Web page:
Marching on Jefferson

Annette Gordon-Reed in the NYRB:

…the national tragedy that unfolded in Charlottesville last week struck at every aspect of my being—a black person, a friend, an American, and a scholar who has devoted many years to studying Jefferson, slavery at Monticello, and, by extension, Charlottesville. I knew instantly why the men holding tiki torches felt the need to make their case for white supremacy by walking toward the statue of Jefferson that stands in front of the Rotunda he designed for the university he dreamed about and then founded. I also knew instantly that there was a reason the much less remarked upon “counterprotesters” surrounded Jefferson’s statue to keep the tiki torchers from reaching it, staking a defiant claim, in the face of superior numbers, to ideas about human equality and progress that they correctly perceived were under siege that night.

On the one hand Jefferson was a slaveowner, one who never freed a single slave in his lifetime, and freed only five in his will; one who had at least one sexual slave, who had children of his, who were also slaves. She (Sally Hemings) was his wife’s half-sister: their mutual father was John Wayles, and Hemings’s mother was of course Wayles’s slave. Jefferson was deeply entwined with slavery and with the ideology that attempted to justify it.

On the other hand Jefferson wrote the words that undermined that ideology.

The Jefferson of the Declaration of Independence, with its words proclaiming self–evident truths about the equality of mankind and the pursuit of happiness, has inspired people the world over. Every marginalized group in the United States seeking inclusion looks first to Jefferson’s words to claim equal citizenship in the United States. Blacks have been in a dialogue with Jefferson and the Declaration from the beginning of the republic. It is not for nothing that the Declaration is called America’s creed—even when we know that is far more aspiration than reality.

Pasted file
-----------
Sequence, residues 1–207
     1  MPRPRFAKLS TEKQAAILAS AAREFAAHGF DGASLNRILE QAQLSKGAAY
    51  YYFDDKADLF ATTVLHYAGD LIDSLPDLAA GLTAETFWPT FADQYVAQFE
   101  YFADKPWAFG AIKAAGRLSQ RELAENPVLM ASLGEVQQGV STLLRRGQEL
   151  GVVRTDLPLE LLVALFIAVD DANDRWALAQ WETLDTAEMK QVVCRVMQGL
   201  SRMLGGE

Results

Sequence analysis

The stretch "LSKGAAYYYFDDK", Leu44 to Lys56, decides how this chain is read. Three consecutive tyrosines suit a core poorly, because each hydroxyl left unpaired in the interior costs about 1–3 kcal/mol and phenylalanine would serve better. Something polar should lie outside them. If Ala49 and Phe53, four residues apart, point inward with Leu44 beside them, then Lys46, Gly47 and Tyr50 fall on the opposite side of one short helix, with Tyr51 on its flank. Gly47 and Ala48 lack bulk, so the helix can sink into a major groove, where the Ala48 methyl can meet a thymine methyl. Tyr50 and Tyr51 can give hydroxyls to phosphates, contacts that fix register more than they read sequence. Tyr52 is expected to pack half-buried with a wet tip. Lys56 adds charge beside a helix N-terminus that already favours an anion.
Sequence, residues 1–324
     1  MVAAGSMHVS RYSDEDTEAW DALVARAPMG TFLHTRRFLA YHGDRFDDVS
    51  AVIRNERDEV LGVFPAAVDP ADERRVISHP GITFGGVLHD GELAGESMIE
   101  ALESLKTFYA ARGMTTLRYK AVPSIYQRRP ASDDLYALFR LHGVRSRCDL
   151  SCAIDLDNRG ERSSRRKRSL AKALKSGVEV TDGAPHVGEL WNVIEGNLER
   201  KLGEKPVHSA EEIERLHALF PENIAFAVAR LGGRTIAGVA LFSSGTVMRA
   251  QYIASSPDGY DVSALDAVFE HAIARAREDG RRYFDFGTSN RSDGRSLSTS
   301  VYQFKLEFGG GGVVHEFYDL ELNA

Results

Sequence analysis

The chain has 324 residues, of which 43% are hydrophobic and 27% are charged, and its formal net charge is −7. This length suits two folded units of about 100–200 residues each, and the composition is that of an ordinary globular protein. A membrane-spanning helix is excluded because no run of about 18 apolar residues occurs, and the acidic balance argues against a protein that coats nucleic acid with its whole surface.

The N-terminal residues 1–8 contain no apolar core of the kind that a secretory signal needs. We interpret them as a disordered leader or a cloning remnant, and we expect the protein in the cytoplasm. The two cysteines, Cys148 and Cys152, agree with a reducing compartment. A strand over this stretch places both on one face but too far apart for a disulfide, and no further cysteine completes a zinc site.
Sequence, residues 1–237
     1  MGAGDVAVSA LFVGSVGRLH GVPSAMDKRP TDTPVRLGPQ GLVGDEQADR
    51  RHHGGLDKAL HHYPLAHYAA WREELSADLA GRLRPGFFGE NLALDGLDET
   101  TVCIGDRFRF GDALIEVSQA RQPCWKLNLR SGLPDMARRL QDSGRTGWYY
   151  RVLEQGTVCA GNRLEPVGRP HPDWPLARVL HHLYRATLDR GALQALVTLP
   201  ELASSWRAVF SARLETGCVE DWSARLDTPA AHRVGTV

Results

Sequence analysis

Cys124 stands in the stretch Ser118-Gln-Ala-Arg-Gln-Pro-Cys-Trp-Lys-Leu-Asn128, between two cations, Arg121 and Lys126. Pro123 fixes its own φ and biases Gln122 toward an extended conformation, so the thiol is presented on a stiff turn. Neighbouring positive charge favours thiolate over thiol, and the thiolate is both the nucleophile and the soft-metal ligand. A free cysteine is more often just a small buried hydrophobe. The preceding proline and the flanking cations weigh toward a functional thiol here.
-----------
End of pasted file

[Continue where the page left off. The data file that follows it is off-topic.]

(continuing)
Samuel Johnson was very harsh about that gap between the aspiration and the reality – more because he disliked the aspiration than because he abhorred the reality, but he was right all the same. (What he said: “How is it that we hear the loudest yelps for liberty among the drivers of negroes?”)

The day following the confrontation at Jefferson’s statue, the torch-bearers and their supporters went to another part of Charlottesville for the event that had brought them to the city: a rally to protest the removal of the statue of Robert E. Lee, the Confederate general who fought a war against the country Jefferson helped to found. Not surprisingly, there were mixed views about the Sage of Monticello even in the Confederacy. While some applauded his states’ rights philosophy, they abhorred the language of the Declaration, recognizing its inherent and destabilizing power.

Today, a time of intense focus on the personal and of misplaced faith in the importance of sincerity, we question whether Jefferson really believed the words “all men are created equal,” as if ideas are only as important and powerful as the personal will of the individual who utters them. The Confederates knew better than that. Ideas can have a power and life of their own. They weren’t taking any chances. They saw Jefferson as a public man who had put ideas into popular discourse that could be used in opposition to the society they hoped to build. The Confederates took him at his word, thinking it important to mention him by name and repudiate what they took to be his views. Alexander Stephens’s famous “Cornerstone Speech” said that Jefferson was wrong, insisting that blacks were not the equals of whites and, therefore, slavery was A-OK.

That’s the contradiction we’ve lived with for two and a half centuries. We’re a long way from resolving it.

7 Responses to “Marching on Jefferson”